2001: Slam Duncan
By Michael Boslet
The sunshine that seared Kansas Aug. 4 wasn’t as hot as the putting of Meredith Duncan and Nicole Perrot in the 101st U.S. Women’s Amateur Championship.
As the temperature climbed to 104 degrees during the finals, Duncan, 21, and Perrot, 17, burned the 6,224-yard Flint Hills National Golf Club for 10 birdies each in 37 holes of match play. At the first extra hole, Duncan holed a 2-foot birdie to claim her third prestigious title of the summer. As the Women’s Amateur champion, Duncan gets a free pass into the U.S. Women’s Open next year in – where else – Kansas, at Prairie Dunes.
In finishing second, Perrot, of Santiago, Chile, will be remembered for her grit and aggressive play, fighting back from 5 down to square the match on the 34th hole. She then used her flat stick to force Duncan to match putts on the last two holes of regulation.
Duncan always had an answer.
“When I walked on the 35th tee, I thought to myself that there’s no way on God’s green earth that I am losing this match today,” said the LSU senior who moved to No. 1 in the Golfweek/Titleist Women’s Amateur Rankings. “The way I look at it, nobody is going to stop me. I am not going to let anybody stop me.”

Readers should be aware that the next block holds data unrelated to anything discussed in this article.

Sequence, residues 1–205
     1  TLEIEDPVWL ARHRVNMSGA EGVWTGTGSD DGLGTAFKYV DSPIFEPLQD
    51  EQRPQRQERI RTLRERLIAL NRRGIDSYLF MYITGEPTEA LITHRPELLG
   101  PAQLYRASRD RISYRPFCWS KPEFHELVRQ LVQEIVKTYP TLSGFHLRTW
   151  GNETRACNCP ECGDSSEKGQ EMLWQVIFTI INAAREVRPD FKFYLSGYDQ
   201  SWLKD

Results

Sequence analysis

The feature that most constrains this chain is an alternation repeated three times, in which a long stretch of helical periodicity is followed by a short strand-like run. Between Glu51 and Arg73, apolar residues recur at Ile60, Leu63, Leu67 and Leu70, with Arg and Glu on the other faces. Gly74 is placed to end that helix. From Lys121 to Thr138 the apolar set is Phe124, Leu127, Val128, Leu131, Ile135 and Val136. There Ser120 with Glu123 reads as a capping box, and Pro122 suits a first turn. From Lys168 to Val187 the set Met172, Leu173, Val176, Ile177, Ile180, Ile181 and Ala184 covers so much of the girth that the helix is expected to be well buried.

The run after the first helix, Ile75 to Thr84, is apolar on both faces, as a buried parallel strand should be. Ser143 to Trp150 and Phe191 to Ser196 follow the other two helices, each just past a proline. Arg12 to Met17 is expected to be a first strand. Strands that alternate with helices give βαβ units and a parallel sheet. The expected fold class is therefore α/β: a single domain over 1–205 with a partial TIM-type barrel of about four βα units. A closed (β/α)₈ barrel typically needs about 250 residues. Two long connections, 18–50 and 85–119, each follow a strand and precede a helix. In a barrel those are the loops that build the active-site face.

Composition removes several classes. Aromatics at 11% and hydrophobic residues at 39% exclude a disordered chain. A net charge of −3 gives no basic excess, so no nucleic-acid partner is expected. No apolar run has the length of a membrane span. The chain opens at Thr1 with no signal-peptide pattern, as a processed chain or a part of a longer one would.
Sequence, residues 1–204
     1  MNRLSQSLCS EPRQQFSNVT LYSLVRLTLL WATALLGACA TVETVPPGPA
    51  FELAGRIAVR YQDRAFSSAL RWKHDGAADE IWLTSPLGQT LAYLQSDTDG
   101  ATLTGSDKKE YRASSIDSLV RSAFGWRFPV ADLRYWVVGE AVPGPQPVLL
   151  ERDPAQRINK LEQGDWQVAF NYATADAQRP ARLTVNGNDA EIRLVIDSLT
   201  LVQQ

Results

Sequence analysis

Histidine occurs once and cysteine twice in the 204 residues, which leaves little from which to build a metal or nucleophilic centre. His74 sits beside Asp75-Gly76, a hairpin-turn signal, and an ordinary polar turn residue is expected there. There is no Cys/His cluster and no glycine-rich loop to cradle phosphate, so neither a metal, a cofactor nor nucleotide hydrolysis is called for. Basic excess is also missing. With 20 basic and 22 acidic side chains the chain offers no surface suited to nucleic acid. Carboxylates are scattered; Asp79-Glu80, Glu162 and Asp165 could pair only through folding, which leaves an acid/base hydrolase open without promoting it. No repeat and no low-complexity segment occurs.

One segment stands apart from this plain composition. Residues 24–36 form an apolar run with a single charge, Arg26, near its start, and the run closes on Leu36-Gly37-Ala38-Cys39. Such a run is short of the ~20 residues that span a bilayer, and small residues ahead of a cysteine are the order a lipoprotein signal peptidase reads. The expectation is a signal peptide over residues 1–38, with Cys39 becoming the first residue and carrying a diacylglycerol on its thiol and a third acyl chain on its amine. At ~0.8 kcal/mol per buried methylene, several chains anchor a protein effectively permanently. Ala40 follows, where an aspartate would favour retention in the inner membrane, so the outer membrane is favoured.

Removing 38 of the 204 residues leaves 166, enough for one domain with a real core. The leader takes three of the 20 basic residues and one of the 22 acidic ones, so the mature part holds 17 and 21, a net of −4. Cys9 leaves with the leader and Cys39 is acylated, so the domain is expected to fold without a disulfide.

Perrot, who plans to play professionally when she turns 18 in December, also will be remembered for her summer. In a three-week span, she was second at the Junior World Championship in San Diego, won the U.S. Girls’ Junior Championship in Mission Hills, Kan., and, after a day of rest, began her march to the final at the Women’s Amateur.
But Duncan denied the spirited Perrot a chance to become the only player to win the Girls’ Junior and the Women’s Amateur in the same year. In doing so, Duncan made her summer one of historic significance. In June, she successfully defended the Women’s Western Amateur in a playoff, won the Women’s North and South Amateur, and a month afterward went shot for shot with Perrot.